That brings us to the night in question. It was five years later, in 1989, and we begin the story with the five boys heading out for the night. Most of them didn’t know each other. They might have seen the other ones around the neighborhood, but they certainly weren’t friends. Yet somehow, they all ended up in the park together, as part of a thirty person group of boys, strolling around for the night. We here from one of these men, Raymond Santana, about how his dad sent him to the park to play basketball, thinking it would be safer there than if he had gone to the corner. It would have been great to hear from all of the guys about how they ended up there that night, and what they remembered about leaving their houses. For example, if these guys didn’t really know each other, were they each heading out for the night alone, only to meet up with the group? Were there other friends that they did know who they went walking into the park with that night? This is one area of the movie that could have been cleared up more.

 

At one point some of the boys in the group attacked a homeless man and started beating on him. That’s when the police showed up and everyone went running. Some of the group members were caught and thrown in the back of police cars. They were brought to the Central Park Precinct for questioning. Once there, the boys were made to sit and wait for many hours, and when they finally did get the chance to be questioned, they didn’t have much to say. It got to the point where the police realized they didn’t really have anything on these boys and were about to let them go, but then the call came in about the jogger and the message came down to keep these boys there to be questioned about this new situation.

 

At this point of the film, we are somewhere near the halfway point, and suddenly the movie switches gears to become completely about the investigation. Like a flash of lightning, the film now becomes incredibly exciting. The boys are questioned about the jogger, and they don’t know anything, only the police start telling them that the other boys who are there are talking and are putting them in it. That makes these boys start doing the same thing. Pretty soon everybody is making up stories about the other ones, claiming to be a witness who just didn’t participate.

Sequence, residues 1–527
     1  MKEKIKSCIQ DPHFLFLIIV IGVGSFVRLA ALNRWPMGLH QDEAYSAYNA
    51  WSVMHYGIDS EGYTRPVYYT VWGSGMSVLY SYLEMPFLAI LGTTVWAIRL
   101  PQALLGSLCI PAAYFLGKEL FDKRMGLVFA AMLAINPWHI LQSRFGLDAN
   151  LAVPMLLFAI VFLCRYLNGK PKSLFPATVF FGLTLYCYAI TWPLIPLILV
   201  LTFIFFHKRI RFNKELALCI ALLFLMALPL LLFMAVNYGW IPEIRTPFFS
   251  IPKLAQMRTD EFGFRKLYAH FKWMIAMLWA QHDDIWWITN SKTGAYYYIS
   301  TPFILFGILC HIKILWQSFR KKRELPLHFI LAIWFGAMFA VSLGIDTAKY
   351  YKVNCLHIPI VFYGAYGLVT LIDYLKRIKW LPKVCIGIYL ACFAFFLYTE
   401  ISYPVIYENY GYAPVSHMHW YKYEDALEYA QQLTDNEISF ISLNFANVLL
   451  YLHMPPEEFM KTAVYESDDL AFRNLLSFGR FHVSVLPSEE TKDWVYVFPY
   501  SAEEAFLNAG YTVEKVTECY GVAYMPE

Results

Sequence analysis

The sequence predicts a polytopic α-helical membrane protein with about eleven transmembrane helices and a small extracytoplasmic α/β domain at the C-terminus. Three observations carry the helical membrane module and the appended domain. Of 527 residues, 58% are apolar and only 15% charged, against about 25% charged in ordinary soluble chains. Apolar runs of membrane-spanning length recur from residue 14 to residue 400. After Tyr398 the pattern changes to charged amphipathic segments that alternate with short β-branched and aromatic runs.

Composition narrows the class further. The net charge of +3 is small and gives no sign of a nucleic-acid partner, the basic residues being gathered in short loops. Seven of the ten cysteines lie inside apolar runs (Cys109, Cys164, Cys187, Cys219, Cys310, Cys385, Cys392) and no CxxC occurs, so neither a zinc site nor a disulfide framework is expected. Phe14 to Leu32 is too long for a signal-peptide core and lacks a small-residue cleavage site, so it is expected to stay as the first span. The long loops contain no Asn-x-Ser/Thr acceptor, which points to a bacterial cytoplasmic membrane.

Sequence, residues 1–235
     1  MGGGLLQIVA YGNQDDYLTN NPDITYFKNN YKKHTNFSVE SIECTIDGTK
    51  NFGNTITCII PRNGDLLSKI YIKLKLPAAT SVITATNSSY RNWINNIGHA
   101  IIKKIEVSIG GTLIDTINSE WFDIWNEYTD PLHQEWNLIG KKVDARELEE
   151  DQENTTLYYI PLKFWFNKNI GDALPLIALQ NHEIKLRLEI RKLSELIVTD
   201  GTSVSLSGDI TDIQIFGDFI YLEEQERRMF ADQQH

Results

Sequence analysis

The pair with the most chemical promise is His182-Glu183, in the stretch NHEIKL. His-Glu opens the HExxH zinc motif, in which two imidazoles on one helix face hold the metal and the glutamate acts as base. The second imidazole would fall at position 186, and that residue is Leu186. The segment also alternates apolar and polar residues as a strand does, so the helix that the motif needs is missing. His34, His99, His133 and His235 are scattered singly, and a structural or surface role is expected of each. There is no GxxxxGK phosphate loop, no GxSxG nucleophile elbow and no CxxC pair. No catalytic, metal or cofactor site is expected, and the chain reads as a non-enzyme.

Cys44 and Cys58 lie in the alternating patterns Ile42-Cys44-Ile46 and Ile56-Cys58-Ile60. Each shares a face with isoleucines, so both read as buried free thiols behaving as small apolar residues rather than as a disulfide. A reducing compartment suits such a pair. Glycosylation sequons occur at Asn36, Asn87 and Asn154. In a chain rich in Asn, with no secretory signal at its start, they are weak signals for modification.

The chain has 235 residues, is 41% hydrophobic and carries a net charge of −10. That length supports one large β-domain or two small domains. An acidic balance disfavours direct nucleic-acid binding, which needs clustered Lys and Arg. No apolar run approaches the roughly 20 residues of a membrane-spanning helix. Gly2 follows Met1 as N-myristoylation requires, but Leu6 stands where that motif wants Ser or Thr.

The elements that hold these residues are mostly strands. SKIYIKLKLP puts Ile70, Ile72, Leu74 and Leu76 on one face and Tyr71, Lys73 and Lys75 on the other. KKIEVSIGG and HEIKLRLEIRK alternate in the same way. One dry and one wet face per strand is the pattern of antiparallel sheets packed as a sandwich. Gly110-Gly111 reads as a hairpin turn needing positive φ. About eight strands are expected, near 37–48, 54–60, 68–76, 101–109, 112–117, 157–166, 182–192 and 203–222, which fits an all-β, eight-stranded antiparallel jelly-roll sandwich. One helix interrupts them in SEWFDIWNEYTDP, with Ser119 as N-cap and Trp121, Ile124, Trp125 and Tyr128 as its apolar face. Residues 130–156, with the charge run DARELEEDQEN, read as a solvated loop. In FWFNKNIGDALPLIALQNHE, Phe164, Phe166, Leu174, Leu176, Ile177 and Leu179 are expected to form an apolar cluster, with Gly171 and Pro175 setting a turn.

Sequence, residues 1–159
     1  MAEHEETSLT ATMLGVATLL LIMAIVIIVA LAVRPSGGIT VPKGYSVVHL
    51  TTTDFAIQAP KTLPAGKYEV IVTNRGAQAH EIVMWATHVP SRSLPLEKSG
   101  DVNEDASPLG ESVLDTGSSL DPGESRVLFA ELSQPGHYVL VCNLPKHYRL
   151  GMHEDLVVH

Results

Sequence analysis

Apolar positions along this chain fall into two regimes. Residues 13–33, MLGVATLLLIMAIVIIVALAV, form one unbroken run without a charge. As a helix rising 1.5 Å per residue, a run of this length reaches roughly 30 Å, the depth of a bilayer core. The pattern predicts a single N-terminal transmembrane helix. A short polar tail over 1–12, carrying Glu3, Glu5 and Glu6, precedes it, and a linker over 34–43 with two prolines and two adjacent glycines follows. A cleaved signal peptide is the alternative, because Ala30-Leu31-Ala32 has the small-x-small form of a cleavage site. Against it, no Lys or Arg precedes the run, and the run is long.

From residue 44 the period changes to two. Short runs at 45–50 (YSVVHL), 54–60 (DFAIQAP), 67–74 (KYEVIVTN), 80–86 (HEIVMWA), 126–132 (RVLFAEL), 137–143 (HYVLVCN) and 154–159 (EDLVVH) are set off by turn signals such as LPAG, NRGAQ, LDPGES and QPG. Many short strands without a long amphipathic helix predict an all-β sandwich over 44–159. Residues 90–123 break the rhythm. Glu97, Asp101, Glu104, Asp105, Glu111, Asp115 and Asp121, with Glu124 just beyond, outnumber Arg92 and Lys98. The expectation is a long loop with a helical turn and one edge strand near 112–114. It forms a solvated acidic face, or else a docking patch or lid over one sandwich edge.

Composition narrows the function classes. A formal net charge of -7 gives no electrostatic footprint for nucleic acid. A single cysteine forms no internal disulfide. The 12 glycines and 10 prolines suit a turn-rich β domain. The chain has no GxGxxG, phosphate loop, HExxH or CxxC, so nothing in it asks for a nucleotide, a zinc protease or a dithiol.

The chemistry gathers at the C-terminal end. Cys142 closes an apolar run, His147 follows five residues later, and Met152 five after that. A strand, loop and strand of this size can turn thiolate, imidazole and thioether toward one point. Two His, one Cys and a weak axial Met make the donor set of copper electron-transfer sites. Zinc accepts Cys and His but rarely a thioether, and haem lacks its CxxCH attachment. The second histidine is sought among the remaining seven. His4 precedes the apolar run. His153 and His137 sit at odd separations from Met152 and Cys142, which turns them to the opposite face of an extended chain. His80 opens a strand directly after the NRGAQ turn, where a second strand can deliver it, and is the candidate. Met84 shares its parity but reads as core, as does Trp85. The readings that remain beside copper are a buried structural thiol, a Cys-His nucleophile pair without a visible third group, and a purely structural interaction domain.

This leads to the boys being videotaped. Not one of them had a lawyer present during these videotaped interviews, and all of the footage looked like the boys were just telling the story of what happened. That’s because the part that came earlier, when the police showed them pictures and told them the names of the other boys, was never put on tape. To make matters worse, the DNA tests came back and none of it matched any of the boys. The prosecution decided to take this evidence to mean that, “just because we didn’t catch all of them doesn’t mean we didn’t catch some of them.” The new theory was that there was a sixth man with these boys who they never caught, but even still, these boys definitely had a part in it. Otherwise why would they be making these statements?

 

All of this leads to the trial and the realization by the boys that all the prosecution has as evidence against them are the taped interviews. They are implicating themselves, or as one of the men named Korey Wise says, “They were using me against me.” It’s pretty amazing how this whole thing went down, especially without any DNA matches. But the prosecution insisted, why would these boys make these confession tapes putting themselves at the scene and describing what they saw if they were never actually there? The results are pretty crazy. Luckily this movie has somewhat of a happy ending with the final results, but of course they were convicted and sent away to prison. This movie does an amazing job of exploring the corruption in the police department that lead to making such quick arrests and prosecutions. It is an amazingly riveting and powerful film.